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The underdog

Published: 
Sunday, August 26, 2018

Kristel-Marie Ramnath

Aggression between dogs is a complex psychological condition requiring a professional dog behaviourist to evaluate and treat each case individually. In this fourth article of the series we will look at how owners contribute to inter-dog aggression.

Inter-dog aggression is fighting between dogs living in the same household. Some owners often complain that their dogs only fight when they are around but leave them alone and everything is fine. Those same owners find it hard to accept that they are most likely the cause of the problem. While compassion is to be encouraged, anthropomorphism should be treated with caution. Anthropomorphism is the attribution of human characteristics or behaviour to an animal. Simply put in this case, it is when we treat dogs as if they are children and expect them to understand and behave as humans.

The reality is that the world is a harsh one for dogs. In human society we are expected to nurture and care for people as they become older and less capable of caring for themselves. In dog society an older dog suffering from ill health (or just physically incapable of strength and ability) is expected to become deferential to a younger and fitter dog. Naturally, this does not sit well with a dog owner who feels sorry for the older (and possibly ill) dog. The result is that the owner interferes with the interactions between the two dogs and creates stress in both dogs. The situation changes from one where the older dog naturally submits to the younger dog with no fighting to one where the older dog is made to become dominant over the younger one by the owner and the younger one is punished for doing something that comes naturally to him as a dog. The older dog now feels the need to be assertive over the younger one and the younger one becomes insecure and starts to challenge the older one more aggressively to get his point across. So, you see where this is heading. As much as it may seem unfair to you, avoid getting involved in situations where your younger dog is challenging your older dog. If you take a back seat and simply observe, you will notice that they will sort it out on their own with no blood being shed. The moment you start meddling is most likely when teeth will be bared.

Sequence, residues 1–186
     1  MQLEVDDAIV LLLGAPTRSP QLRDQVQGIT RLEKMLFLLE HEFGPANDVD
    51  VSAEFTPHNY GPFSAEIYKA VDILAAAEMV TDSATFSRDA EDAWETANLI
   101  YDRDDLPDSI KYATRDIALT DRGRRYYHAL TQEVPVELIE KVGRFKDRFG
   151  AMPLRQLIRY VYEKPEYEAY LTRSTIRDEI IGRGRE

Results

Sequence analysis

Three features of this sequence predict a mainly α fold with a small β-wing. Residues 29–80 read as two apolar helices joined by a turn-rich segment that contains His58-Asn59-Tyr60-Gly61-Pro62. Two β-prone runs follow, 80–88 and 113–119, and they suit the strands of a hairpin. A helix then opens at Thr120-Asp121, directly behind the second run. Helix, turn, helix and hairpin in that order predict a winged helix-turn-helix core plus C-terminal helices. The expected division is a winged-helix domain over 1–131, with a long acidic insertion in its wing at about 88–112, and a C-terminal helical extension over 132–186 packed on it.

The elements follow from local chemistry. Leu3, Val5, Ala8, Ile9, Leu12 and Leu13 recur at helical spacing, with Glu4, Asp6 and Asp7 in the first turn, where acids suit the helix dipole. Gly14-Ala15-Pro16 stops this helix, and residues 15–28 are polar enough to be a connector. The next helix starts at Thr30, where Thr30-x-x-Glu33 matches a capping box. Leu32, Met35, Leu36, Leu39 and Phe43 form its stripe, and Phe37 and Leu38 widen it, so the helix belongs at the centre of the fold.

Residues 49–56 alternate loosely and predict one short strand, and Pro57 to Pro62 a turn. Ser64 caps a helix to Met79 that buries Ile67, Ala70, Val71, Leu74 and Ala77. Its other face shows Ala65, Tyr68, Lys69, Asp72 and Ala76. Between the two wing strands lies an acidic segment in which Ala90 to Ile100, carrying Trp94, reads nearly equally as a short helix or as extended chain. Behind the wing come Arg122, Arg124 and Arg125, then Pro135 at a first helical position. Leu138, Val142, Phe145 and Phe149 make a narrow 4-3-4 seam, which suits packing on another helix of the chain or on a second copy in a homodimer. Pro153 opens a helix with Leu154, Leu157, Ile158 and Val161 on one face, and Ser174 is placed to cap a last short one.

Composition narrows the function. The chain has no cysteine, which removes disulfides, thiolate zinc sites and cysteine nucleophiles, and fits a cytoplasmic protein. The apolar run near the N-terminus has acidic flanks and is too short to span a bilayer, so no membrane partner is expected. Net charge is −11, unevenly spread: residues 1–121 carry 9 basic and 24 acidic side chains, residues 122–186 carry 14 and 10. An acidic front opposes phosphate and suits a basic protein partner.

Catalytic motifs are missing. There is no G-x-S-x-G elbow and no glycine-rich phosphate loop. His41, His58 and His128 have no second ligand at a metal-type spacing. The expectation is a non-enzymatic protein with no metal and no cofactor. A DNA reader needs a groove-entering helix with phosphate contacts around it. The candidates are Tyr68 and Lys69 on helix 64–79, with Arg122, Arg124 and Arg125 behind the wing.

Similarly, if the dogs are of the same age or are siblings then fighting is more common as we discussed in the third article. Again, it is human nature to feel sorry for the underdog, but it goes against dog nature for the underdog to prevail. Do not show preference to the underdog because it gives him ideas above his station and will encourage him to fight back. This also increases insecurity in the other dog and will make him more likely to be aggressive towards the underdog. Having said that, do not encourage bullying, which we will deal with next.

Copyright © Kristel-Marie Ramnath 2018

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